The beach faces north toward the Savu Sea. But as the shoreline is quite long and flat, you can catch glimpses of both the rising and setting sun from this beach. The orange glow of either event, filtered through the pine trees, is glorious to watch.

Tarimbang Bay

This horseshoe-shaped bay, cradled among jutting cliffs, is famous for its dramatic beauty and big, rolling waves.

Between June and September, its white sandy beach is usually packed with surfers from around the world seeking to ride its towering waves.

“During these months, the waves can easily reach up to two or three meters high,” Kristian says.

Tarimbang is located in Tabundung subdistrict on the southern edge of East Sumba. It is about 120 kilometers from the town of Waingapu.

The five-hour drive to this beach can be quite thrilling as you will pass through steep and narrow jagged rocky paths along mountain ridges, which are flanked by deep ravines on both sides.

But the views are quite stunning as you will see vast stretches of rugged limestone mountains, woodlands and savannah. On some occasions, you will also pass through traditional Sumba villages with interesting clusters of thatched-roofed stilt houses and ancient megalithic tombs in front of the houses.

You can park your car about 200 meters from the beach at Tarimbang. From there, you have to go on foot through a rough patch of woods and a lush green field speckled with water hyacinths.

The views that you will immediately see as you emerge from the woods are breathtaking.

(JG Photo/Sylviana Hamdani)

(JG Photo/Sylviana Hamdani)

A vast stretch of pristine white sandy beach unfolds before you. Gray rocky mountains, like giant sentinels, stand guard on either side. The endless expanse of the Indian Ocean kissing the shoreline perfectly mirrors the clear blue skies above.

When we visited Tarimbang in early January, it was completely deserted and silent, except for the sounds of the waves crashing on the beach.

However, you should be advised that the currents can get quite strong and can be dangerous for young children and inexperienced swimmers.

The corals and seashells awash on this beach have unusual colors of pink, blue, emerald and fuchsia. Your kids will definitely love to collect and treasure them.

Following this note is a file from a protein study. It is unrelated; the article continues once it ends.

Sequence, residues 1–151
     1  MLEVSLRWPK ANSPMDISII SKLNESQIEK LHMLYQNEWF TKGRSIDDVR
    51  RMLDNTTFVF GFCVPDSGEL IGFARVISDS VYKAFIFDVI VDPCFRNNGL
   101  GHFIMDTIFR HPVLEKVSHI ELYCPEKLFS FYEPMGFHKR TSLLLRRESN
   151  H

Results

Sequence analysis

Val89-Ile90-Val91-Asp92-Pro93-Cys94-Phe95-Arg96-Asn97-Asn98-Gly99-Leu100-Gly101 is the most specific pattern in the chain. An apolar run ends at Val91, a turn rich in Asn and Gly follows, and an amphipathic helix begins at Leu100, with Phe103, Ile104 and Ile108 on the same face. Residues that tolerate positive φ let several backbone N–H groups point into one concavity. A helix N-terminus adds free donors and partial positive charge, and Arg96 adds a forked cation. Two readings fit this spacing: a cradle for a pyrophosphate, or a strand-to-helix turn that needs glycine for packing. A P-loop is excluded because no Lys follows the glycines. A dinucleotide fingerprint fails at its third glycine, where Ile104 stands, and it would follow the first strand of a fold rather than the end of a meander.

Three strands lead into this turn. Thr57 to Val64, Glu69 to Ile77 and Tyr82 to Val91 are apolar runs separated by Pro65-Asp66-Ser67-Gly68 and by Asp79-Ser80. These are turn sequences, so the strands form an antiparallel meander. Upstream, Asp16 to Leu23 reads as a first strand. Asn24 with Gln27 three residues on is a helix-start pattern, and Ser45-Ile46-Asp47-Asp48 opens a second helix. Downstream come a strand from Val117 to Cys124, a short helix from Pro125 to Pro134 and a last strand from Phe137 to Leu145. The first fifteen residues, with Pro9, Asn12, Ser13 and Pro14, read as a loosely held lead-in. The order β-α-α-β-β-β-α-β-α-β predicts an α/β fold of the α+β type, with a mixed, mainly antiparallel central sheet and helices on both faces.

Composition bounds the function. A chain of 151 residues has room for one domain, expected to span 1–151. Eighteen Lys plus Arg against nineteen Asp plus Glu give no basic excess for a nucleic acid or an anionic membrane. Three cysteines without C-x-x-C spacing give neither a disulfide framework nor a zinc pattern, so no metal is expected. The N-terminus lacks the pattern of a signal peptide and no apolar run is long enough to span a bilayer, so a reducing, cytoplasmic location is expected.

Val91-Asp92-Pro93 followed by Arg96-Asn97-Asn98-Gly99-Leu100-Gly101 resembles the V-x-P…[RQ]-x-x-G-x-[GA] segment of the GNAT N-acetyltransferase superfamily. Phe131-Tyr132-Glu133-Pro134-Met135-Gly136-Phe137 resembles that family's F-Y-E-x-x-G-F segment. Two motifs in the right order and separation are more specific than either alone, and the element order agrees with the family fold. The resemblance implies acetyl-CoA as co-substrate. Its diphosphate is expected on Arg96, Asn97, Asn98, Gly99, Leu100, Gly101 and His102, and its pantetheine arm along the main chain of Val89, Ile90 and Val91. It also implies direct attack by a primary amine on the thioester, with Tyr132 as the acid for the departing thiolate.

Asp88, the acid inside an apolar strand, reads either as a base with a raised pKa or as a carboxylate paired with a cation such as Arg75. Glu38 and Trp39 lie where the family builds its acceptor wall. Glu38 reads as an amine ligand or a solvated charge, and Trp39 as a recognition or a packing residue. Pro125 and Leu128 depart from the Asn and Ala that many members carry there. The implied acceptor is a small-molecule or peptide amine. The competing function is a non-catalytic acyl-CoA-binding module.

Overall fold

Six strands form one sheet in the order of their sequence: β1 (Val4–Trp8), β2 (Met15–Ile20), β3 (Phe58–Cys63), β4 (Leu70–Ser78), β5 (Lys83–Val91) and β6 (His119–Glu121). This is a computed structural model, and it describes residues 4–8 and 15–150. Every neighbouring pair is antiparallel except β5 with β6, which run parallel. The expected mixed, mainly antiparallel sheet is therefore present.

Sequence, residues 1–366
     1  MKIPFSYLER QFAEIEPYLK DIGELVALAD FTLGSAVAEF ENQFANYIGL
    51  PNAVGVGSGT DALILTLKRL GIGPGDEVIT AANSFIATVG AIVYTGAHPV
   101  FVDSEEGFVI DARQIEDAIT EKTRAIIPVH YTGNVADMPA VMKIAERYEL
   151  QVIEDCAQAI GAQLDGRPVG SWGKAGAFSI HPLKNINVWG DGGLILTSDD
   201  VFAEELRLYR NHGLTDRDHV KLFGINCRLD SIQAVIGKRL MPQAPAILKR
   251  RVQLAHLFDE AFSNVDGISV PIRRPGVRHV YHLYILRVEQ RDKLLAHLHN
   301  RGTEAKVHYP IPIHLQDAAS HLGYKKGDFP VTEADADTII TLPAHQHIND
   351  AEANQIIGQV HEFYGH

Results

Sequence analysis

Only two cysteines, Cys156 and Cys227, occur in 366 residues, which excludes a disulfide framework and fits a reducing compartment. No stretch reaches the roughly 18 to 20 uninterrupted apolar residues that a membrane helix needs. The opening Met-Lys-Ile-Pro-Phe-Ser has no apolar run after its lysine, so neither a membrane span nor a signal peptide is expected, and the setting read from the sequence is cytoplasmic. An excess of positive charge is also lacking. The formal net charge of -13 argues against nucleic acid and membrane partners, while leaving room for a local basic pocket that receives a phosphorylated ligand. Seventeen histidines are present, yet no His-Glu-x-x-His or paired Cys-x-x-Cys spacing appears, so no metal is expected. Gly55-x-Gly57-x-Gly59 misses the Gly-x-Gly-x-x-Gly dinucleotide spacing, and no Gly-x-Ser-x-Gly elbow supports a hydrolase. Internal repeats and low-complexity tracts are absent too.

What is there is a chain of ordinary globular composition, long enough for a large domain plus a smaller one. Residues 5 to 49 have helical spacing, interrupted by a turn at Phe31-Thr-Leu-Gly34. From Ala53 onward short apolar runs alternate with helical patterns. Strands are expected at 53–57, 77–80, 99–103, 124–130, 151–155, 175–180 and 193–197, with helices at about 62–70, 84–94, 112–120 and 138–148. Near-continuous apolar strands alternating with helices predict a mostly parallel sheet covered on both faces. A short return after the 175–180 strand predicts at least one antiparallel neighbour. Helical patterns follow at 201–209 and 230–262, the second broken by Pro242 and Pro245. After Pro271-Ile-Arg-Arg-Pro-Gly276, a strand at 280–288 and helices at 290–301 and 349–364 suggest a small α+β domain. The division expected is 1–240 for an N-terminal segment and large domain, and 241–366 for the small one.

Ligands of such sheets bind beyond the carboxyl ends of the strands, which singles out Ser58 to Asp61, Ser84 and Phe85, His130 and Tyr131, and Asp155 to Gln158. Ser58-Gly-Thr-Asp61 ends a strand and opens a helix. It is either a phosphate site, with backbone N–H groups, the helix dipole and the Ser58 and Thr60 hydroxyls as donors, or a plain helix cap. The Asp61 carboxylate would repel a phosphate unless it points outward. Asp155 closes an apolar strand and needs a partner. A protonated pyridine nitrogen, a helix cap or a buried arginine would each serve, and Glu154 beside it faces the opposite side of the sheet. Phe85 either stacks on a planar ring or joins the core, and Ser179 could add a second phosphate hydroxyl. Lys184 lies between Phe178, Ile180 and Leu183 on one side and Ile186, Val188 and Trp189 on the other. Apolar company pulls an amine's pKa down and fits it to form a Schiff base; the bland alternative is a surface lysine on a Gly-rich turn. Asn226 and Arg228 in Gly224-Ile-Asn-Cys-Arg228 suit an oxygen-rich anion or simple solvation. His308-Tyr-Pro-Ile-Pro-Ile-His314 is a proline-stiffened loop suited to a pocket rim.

There are a couple of accommodations near this beach. One of them is Peter’s Magic Paradise (, owned and operated by German illusionist Peter Kersten and his Indonesian wife, Yosni Suruk. This resort, located on a cliff, offers stunning views of the beach from above.

The other accommodation is Marthen’s Homestay, which is located about five minutes from the beach. This simple accommodation, owned and operated by a local family, offers rustic cottages modeled after Sumba’s traditional houses.

Watu Mandorak Cove

One of the most challenging beaches to discover in Sumba Island is the Watu Mandorak Cove, which is completely hidden behind rocky mountains and cliffs in the southwestern part of Sumba.

The cove is only 42 kilometers from the town of Tambolaka, but it requires a drive of about two hours because the roads are in poor condition.

They consist mainly of dirt paths that can get muddy and dangerous during the rainy season.

Jutting rocks along these paths may sometimes hit the underside of your vehicle. Moreover, these narrow paths are sometimes obscured by overgrown weeds and shrubs.

But you don’t have to worry about getting lost on your journey. The paths pass through a lot of traditional villages, rice paddies and cashew plantations. Most of the villagers we met along the way were happy to point us in the right direction.

The white sandy cove, flanked by steep gray cliffs on both sides, is shaped like a bowl. Facing the Indian Ocean, its concave lagoon holds crystal-clear turquoise seawater that tosses and turns angrily all day and night.

If you arrive early enough in the morning, you will catch sight of brave local fishermen setting out to sea from the rocky cove.

“They have to time their moves carefully so that their boats will not be bashed against the rocks,” Kristian said.

Sylviana Hamdani/The Jakarta Globe